I’ve been saying this off the record for a long time and finally I am frustrated enough to go on the record and say it out loud and without a shred of fear: professional certification, in software, is lame, means nothing at all and is a waste of everybody’s time except companies that make money off of it.

Why? Because I personally know a number of Oracle-certified DBAs that can not even install Oracle on Linux. Which may be saying something about Oracle DB, too, but says a lot about the value of a certificate, as well. I’ve known equally large number of Sun-certified engineers that should not be let anywhere near writing code, in any language, Java included. And last, but not least because anybody can pass most software certifications, by wasting time on memorizing meaningless answers to meaningless questions from a textbook and it means absolutely nothing. What it means to me, actually, is that somebody lacked interest in coding enough to waste time on memorizing, rather than developing his actual programming skills. And that is not good.

Software engineering is tough. Correction: it is really tough. It’s a field where things change overnight, new frameworks emerge, the breadth of the knowledge required is immense and being out of the loop for even 6 months (hell, 3 month) can make even a subject-field expert’s knowledge obsolete.

How can anybody put up with such pressure? The only answer is - passion. You can not be a programmer worth a dime if you do not have absolute passion for what you are doing. If you do not get craving for writing code, if you have never broken nights working on a challenging code, just because you could not stop, and not because there was a deadline or a project manager standing behind your back - you do not have a programmer’s soul and you are wasting everybody’s time.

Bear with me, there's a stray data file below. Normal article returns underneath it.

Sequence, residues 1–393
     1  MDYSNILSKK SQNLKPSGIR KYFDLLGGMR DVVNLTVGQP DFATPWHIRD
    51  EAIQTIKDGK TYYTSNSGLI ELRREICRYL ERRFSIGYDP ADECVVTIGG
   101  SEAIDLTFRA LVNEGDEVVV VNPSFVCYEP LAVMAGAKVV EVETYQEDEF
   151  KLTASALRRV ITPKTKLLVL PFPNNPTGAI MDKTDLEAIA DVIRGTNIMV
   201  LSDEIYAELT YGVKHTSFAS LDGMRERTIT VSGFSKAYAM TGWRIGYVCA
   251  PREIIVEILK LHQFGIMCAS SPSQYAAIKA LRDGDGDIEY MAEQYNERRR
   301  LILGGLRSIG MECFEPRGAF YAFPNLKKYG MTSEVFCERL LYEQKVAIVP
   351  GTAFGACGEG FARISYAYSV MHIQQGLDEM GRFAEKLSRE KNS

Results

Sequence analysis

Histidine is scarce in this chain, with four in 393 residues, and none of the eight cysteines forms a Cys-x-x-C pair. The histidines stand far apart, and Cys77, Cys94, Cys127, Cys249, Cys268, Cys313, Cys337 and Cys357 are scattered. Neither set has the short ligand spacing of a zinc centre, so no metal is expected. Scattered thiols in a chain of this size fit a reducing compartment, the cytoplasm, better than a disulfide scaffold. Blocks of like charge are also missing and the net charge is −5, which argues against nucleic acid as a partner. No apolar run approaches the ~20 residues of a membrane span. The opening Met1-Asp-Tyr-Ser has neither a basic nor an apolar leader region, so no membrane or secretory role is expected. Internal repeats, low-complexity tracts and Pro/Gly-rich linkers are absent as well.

When I interview for an engineering position, aside from basic knowledge, I look for two immensely important things: passion (drive, motivation, initiative - whatever you call it) and attention to detail. If you have basics right, senior developers and colleagues can teach you the craft, or at least help you polish it, but if you do not have the drive and passion, if you are not attentive to details - you will never make a decent developer. Just like in, probably, many other professions, there’re certain character traits that are just necessary for the profession of a software engineer.

Can a bullet-pointed listing of 100 questions tell me if a person is motivated and curious? Can it tell me if he or she is methodical and detail-oriented? No. It can not. Therefore, when I see a list of certifications on a resume, I simply ignore it. If I would have to take it into account, I would probably consider it as something negative, since somebody clearly wasted their time, but that is not fair, as well

  • realistically given the pressure form the industry, I can see why a young professional could make such mistake. But do not expect any points from me for a “certification”.

I am equally critical of the companies that do pay attention to certification or even require them. The only way to really see how somebody thinks is to observe the process and see past work. To that extent, anybody who can show me code that they have written gets a +1 point from me (which can be dropped if the code is horrible :) ). If you blog - show me your blog and I can see how your thinking has been evolving over time. Hopefully the blog will have some original thinking and not just copy/pasted things from all over the Internet. And finally, maybe even most importantly - I like to give a short challenge problem and see how a person solves it in real time. I would give them 15-20 minutes to think about it, prying over them is unfair, but watching how they present the solution and explain the thinking process is priceless. Especially valuable are problems where there is not a “right” or “wrong” answer, but you can observe problem-solving in action.

In any case, different people have different techniques and that’s why the best companies always interview candidates with several employees, to get different perspectives, but one thing remains rock-solid: certifications are lame and all they do is try to commoditize creativity, which is a real shame, in my humble opinion.